• I Just finished Year 12, i don’t know whether 10-inch screen policy is set in stone but 10 inch is completely impractical to do any meaningful work in school, 12 inch should be the minimum screen size. As for the Mac Policy, my school had the same but i got around it by having a Dual Boot (Boot Camp) Macbook Air 13-inch which would let me use OS X the majority of the time but when required i could switch to Windows 8.1. The Mac also has a 12 hour battery life, and depending on the subjects chosen it has some advantages, i did mostly Design subjects like Product Design and Technology, Photography, Systems Engineering and i had a large advantage over others when doing photo editing and CAD. All in all, although the Macbook Air may cost more it is a great investment that is one of the most versatile Ultrabooks.

  • I’m a teacher and my students have laptops. My advice would be to go for battery life. Get a spare one if you can. Kids forget to charge their battery all the time and I can’t allow all the students to have their laptops charging in the classroom. OHS and all that.

    I would also go for cheap.
    You don’t need any high end graphics as most schools just use laptops for YouTube, Chrome and Office. Even the cheap laptops can handle pretty big tasks for school. I run a graphics programming class on the side and the students with on-board graphics cards have no problems.

    Finally remember to teach your kid about how to use the laptop. Don’t throw it around. I had to stop a kid today punching his laptop screen because it went to sleep mode. Get a good case and insurance for when they drop it.

  • For year 8, hopefully the HP Stream 13 will be available in time. I’m sure there will be others out at that spec and price range, but at the moment that is what I would be looking at getting.

  • I teach year 8s and I have to agree with all the comments above that say that battery should be your first priority. It absolutely should be. You should also factor Office into your budget (if your school doesn’t have a licensing arrangement) because as good as the free suites are, students who use them may have issues with formatting on PowerPoints and templates and (AFAIK) comments.
    If your kids are only using the laptops for school, then they shouldn’t need a large HD. Most of their work will be office documents.
    Definitely add their laptops to your home insurance. Buy from a retailer who will do local warranty repairs if possible. Get an extra charger. Don’t expect that their laptops will last them through to year 12. I would spend as little as possible so that I could afford to replace them in a couple of years. If your kids are picky, set a maximum limit that YOU will spend and then let them use their own money if they want something speccier.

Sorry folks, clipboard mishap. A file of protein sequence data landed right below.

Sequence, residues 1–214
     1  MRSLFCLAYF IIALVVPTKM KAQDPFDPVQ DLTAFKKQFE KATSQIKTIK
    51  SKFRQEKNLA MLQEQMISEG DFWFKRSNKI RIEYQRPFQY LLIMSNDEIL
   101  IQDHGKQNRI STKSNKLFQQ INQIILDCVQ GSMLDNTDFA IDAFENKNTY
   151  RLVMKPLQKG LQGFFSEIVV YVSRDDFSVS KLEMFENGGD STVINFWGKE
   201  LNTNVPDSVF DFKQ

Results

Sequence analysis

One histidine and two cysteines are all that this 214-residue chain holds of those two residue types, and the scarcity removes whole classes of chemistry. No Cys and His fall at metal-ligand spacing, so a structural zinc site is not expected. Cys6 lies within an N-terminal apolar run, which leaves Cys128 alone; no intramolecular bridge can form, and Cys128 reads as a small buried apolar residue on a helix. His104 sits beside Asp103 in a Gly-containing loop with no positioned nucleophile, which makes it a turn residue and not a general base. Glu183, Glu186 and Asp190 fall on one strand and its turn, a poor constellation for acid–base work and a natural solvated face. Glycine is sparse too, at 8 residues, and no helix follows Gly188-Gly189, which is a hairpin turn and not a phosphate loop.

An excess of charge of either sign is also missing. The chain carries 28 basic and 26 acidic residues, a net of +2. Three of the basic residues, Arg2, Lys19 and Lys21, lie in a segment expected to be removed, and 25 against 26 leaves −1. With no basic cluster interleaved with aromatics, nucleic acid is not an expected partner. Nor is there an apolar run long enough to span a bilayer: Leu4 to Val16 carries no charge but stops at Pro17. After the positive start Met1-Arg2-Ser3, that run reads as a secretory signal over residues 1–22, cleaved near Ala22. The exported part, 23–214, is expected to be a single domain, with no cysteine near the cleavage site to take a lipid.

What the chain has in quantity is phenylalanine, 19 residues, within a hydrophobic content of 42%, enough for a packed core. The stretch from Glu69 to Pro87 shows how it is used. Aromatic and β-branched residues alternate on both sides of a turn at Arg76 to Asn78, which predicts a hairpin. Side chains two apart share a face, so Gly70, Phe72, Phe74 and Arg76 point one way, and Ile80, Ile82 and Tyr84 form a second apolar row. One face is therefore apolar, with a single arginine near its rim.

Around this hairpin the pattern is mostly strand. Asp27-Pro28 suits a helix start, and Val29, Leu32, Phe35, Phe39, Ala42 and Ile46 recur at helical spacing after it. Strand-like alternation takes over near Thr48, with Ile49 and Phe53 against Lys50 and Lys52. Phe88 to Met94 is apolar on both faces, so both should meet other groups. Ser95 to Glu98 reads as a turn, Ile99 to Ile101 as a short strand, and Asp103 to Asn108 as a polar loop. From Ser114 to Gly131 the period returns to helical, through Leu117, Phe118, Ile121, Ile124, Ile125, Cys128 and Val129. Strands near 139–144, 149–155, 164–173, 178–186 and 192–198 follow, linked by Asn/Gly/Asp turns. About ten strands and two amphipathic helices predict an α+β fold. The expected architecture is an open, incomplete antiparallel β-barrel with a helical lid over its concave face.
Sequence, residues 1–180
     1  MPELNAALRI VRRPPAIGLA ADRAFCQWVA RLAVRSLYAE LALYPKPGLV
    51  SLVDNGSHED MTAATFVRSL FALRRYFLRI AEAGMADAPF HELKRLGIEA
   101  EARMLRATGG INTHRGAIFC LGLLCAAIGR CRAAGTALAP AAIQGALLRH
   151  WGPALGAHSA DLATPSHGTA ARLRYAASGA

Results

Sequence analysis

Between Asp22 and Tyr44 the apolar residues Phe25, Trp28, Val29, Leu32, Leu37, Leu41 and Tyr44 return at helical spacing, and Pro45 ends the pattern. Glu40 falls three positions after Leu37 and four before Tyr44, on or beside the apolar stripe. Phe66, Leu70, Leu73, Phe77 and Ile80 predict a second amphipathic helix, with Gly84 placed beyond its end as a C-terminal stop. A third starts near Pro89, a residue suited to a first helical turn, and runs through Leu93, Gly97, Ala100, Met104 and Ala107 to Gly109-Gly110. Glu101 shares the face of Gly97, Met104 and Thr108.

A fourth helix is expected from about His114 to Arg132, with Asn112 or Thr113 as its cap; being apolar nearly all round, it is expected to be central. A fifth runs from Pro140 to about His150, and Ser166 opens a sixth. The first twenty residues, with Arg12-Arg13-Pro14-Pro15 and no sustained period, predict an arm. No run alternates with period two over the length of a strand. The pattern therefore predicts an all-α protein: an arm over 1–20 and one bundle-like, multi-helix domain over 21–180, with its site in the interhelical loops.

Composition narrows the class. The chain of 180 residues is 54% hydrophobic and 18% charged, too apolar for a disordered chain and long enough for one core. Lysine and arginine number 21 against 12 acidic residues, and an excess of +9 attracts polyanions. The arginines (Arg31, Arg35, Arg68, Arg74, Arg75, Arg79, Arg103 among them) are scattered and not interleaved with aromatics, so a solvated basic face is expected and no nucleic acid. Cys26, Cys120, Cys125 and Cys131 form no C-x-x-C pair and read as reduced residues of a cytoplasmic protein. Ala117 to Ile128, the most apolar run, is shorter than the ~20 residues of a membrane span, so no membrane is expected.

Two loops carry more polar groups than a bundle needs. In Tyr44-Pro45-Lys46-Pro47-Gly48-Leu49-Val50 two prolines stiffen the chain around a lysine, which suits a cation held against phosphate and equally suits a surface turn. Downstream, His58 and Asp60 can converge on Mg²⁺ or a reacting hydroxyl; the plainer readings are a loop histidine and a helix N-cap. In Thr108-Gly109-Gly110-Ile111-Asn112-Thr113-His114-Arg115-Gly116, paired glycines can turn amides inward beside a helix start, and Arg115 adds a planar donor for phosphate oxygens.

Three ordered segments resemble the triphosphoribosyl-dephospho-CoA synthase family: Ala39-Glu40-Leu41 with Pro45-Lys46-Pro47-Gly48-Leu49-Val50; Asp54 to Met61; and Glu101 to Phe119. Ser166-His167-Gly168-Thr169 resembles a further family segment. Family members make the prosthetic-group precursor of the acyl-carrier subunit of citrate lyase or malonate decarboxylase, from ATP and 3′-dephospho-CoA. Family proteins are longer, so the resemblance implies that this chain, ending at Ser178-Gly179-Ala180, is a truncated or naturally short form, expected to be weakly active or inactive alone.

I would also invest in NAS and set up auto-backups for both machines- losing school work is a pain for parents, kids and teachers and kids just forget to back their work up.
    Also, although battery life is the most important thing, don’t get something with a tiny screen or keyboard. Kids with small screened (anything below 11-13″) hunch over their machines even before they go through their early teen growth spurt and once they do, boys especially start having issues with tiny trackpads and undersized keyboards.
    Also, if you’re getting a laptop, a touch screen should be WAY down on your list of priorities.

  • After having completed year 12 this year I can confidently say that getting a Surface would be the best way to go. I used to take my laptop into school and it was just really a pain carrying it around. I bought myself a Surface Pro hoping that it would be a bit more practical for school and it definitely was! Easy to carry around (with books!) and running full Windows meant that I could continue using all my programs!
    The fact that the Surface can run Office and OneDrive/Dropbox is pretty big (and useful) in itself! I can write documents on the tablet, save them to OneDrive and continue writing the documents on my laptop when I got home. Likewise when I get back to school I can bring up the same document back on my Surface without using anything except OneDrive. For basic note writing I prefer to use the Evernote app on the surface and the desktop version on my laptop.
    If you’re going to get a Surface Pro, don’t get the Pro 1 like I did. The battery life only lasts a couple of hours (I can get it up to 6 with a few powerplan tweaks) whereas I hear the Pro 2 is much better with battery life.

  • We bought an ASUS Transformer Book T100 for our son 2-3 years ago when his school introduced BYOD and it has been brilliant. We have had to replace the screen (boys school so they can be rough on their belongings) and just recently replaced the (2) batteries. Son borrowed sisters Surface in the interim and was not impressed. He was very pleased to have his Transformer Book back. I agree with comments on screen size however. I am thinking for daughter next year, an ASUS with a slightly bigger screen.

Show more comments

Comments are closed.

Log in to comment on this story!